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Court of Appeal, Fourth District, Division 2, California.

James L. McGILL, et al., Plaintiffs and Appellants, v. M.J. BROCK & SONS, INC., Defendant and Respondent.

No. E020452.

Decided: December 15, 1999

Wildish, Nialis & Bonetati, Daniel R. Wildish and Michael A. Reynolds, Orange, for Plaintiffs and Appellants. Epstein & Turner, David B. Epstein, Los Angeles, and Michael R. Weiss, for Defendant and Respondent.


The plaintiffs appeal from a summary judgment entered against them after the trial court determined that their action was barred by the statute of limitation.   We reverse.


The plaintiffs own houses in a residential subdivision known as Rolling Ridge which is adjacent to State Route 71 (“Highway 71”) in Chino Hills.   With one exception, the plaintiffs purchased their homes in 1987 from the builder, M.J. Brock & Sons, Inc. (“Brock”).   Plaintiffs Ben and Kristen Romero purchased their home in 1990 from the initial buyer.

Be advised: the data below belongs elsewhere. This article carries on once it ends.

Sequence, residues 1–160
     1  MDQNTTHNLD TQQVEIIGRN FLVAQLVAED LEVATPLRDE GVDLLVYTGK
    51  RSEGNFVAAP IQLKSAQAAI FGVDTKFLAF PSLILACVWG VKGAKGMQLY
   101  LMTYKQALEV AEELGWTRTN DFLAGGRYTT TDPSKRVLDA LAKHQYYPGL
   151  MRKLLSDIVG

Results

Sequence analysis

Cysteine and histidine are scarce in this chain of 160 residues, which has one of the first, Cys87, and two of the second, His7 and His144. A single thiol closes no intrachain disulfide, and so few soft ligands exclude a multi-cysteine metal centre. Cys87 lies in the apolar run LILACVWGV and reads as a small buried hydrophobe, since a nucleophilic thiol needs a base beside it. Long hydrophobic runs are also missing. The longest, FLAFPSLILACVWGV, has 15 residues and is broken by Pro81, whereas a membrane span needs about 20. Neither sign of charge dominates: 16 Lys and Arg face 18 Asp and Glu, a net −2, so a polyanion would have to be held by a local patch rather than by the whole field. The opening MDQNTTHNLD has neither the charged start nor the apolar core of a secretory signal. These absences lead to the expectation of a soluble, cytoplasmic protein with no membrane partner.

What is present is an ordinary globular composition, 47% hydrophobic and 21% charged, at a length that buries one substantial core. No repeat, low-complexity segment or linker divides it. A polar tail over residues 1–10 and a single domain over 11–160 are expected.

The plaintiffs sued a variety of defendants, including Brock, in 1994.   As amended, the complaint asserted 13 counts against Brock, seeking damages and rescission on theories of intentional, negligent or innocent misrepresentation (counts 1-8 & 25), mutual or unilateral mistake (counts 9 & 10), failure of consideration (count 11), and breach of contract (count 12).   In substance, the plaintiffs alleged that when the plaintiffs bought their houses from Brock, Brock had affirmatively represented that buyers would enjoy peace, tranquillity and a pleasant view, and that Brock had failed to disclose to the plaintiffs the plan to realign Highway 71 and to expand it from a two-lane road to a six-lane freeway.